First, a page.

The big story about Canada’s largest telecoms continues to be that customers are cutting the cord and choosing a life without cable TV.
Anyone needing proof can just take a look at Shaw Communications Inc.’s (TSX:SJR.B)(NYSE:SJR) annual results for its fiscal 2016, which ended August 31. At the beginning of fiscal 2016, Shaw had nearly 2.6 million cable and satellite TV customers. By the end of the year, that number was comfortably under 2.5 million. It lost a total of 114,878 television customers.
Shaw was the biggest loser, but it was hardly alone in feeling this pain. According to recent analyst reports, Canada’s five largest telecoms are on pace to lose more than 200,000 subscribers in 2016 (final numbers aren’t out yet) with similar losses expected for 2017.
And that is despite companies like Telus Corporation doing a nice job of growing their subscriber numbers, albeit from a much smaller base.
And remember, it isn’t just cable that’s suffering. Canadians are dropping their home phones at an even faster rate than cable. In 2016, just under 7% of Shaw’s landline customers said “adios” to their service, choosing instead to just use their wireless device.
Even though Shaw has done a nice job mitigating this issue by passing through price hikes to existing customers and acquiring Wind Mobile to give it a foothold in wireless, investors have to be alarmed at the trend. Cable has terrific operating margins of close to 40%. Wind’s operating margins are about half that.
Fortunately for Shaw, there may be some relief on the horizon in the form of millennials getting married and having families.
Why this matters
I’ve watched many of my fellow millennial friends get married and start their own families. Suddenly, we no longer hang out in restaurants, pubs, or at sporting events. These friends now invite me over to their place for dinner, board games, or watching the big game on television.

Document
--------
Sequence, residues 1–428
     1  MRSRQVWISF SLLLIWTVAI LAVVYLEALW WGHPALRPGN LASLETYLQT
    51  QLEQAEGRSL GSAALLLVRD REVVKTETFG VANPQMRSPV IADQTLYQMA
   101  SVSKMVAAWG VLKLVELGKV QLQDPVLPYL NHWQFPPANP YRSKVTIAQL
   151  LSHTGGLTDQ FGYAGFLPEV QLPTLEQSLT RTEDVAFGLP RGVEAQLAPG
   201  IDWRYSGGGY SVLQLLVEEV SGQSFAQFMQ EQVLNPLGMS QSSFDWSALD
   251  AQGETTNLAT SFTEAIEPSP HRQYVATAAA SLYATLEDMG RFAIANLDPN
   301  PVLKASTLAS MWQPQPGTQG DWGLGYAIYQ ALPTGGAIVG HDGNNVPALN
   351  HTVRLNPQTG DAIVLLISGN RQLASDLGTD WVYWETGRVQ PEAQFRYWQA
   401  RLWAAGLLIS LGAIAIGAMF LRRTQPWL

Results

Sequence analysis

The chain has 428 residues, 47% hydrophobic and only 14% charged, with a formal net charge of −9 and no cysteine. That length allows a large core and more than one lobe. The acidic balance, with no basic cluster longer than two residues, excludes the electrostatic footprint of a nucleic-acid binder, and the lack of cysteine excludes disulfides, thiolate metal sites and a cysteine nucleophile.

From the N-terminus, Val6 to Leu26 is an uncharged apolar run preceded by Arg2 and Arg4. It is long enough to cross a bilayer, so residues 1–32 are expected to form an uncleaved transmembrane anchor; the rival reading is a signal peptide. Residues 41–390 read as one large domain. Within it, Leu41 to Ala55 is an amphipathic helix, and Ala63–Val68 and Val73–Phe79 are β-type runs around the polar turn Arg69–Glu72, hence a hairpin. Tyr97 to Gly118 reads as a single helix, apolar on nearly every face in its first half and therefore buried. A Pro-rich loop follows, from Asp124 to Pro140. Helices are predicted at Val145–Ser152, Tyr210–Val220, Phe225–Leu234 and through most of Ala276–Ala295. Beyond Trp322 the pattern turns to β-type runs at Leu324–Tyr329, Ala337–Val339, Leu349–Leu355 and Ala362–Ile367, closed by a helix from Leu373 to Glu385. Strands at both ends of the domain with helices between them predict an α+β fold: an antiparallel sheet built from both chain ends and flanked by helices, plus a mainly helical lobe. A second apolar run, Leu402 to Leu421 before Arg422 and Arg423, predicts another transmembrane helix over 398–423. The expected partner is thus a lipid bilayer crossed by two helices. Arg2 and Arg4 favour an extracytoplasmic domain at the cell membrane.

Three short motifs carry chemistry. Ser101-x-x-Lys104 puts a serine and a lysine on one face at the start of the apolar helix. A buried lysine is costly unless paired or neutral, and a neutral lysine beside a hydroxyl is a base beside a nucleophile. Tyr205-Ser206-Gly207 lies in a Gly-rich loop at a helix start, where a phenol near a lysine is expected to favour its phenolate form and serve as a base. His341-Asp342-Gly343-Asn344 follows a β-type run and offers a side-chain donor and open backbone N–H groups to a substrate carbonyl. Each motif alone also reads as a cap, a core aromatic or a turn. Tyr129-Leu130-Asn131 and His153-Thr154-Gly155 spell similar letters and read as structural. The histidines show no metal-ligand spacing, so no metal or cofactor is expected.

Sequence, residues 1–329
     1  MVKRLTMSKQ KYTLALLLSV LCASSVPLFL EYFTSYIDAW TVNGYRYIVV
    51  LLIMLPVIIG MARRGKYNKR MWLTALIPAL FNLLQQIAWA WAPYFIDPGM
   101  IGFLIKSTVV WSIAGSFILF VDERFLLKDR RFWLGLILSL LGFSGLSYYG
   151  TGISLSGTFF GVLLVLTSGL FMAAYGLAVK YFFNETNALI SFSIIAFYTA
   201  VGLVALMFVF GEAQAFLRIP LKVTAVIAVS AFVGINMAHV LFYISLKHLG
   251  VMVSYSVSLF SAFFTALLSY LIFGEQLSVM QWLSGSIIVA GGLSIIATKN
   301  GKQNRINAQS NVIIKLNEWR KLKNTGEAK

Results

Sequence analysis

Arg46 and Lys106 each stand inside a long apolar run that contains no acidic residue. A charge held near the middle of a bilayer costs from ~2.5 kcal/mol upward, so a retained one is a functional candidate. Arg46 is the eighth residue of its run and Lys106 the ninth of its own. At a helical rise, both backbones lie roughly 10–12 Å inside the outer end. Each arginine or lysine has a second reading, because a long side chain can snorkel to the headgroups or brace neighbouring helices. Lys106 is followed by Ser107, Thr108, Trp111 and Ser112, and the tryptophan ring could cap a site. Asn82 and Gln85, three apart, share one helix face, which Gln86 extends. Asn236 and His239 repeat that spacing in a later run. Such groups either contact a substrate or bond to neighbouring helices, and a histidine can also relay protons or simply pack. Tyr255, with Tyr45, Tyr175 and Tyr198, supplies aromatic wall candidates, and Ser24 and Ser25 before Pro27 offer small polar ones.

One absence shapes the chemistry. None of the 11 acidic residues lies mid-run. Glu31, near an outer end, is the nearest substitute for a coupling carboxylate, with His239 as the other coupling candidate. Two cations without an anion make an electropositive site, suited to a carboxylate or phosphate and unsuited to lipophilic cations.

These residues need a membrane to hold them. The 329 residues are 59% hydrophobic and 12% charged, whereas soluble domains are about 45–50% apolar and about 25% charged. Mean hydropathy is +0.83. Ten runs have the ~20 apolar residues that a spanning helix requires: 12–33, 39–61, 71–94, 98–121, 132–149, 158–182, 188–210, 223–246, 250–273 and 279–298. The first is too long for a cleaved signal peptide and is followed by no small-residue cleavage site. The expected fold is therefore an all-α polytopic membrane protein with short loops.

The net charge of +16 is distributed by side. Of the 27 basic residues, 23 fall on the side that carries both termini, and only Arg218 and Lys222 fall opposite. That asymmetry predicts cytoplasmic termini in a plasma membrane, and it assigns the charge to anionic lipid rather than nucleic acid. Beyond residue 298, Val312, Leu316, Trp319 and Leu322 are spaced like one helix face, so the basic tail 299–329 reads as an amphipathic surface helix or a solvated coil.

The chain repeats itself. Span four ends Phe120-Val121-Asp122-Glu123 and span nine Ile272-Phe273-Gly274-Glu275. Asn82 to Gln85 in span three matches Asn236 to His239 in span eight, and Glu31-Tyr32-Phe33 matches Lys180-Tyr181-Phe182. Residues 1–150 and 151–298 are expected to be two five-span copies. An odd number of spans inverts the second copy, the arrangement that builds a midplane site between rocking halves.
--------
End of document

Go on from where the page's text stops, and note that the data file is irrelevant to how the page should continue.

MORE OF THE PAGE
These friends always have cable. Always.
It’s easy to see why. It might not be good parenting to plop your kids in front of the TV, but every parent does it. Getting a babysitter is expensive, so television becomes an excuse to socialize with other adults without having to leave the house.
Parents also need entertainment for when the kids go to bed. Cable TV is cheap enough to be affordable, yet doesn’t require much mental energy. It’s the perfect thing to do to unwind after a tough day.
As millennials continue to age and have children, many of them will buck the trend and get cable. It’s just too convenient. Will it be enough to matter? I sure think so.
There are 9.5 million millennials in Canada — approximately the same number as baby boomers. Yet they only make up 19% of households (as of 2015) versus 38% for baby boomers. Remember, a lot of millennials are still living in their parents’ basement. Only 21% of millennials have children, and 30% of baby boomers still have children living with them.
In 2015, there were 2.8 million millennial households in Canada. By 2025, that number is expected to almost double to 5.5 million. That is huge potential growth that nobody talks about.
The bottom line
The trend is obvious. Millennials will spend the next decade moving out of their parents’ basement, getting married, and starting families of their own. It’s going to happen in a big way.
And when it does, many will decide they want to subscribe to cable. Maybe there won’t be enough to reverse the trends we’ve seen over the last few years, but there will certainly be enough to slow what we’re seeing today.
And even if these folks don’t buy cable, it’s easy to see them spending big money on internet that’s fast enough to play video from multiple devices at once.
Ultimately, it’s good news for Shaw Communications — a company many investors are avoiding for this very reason.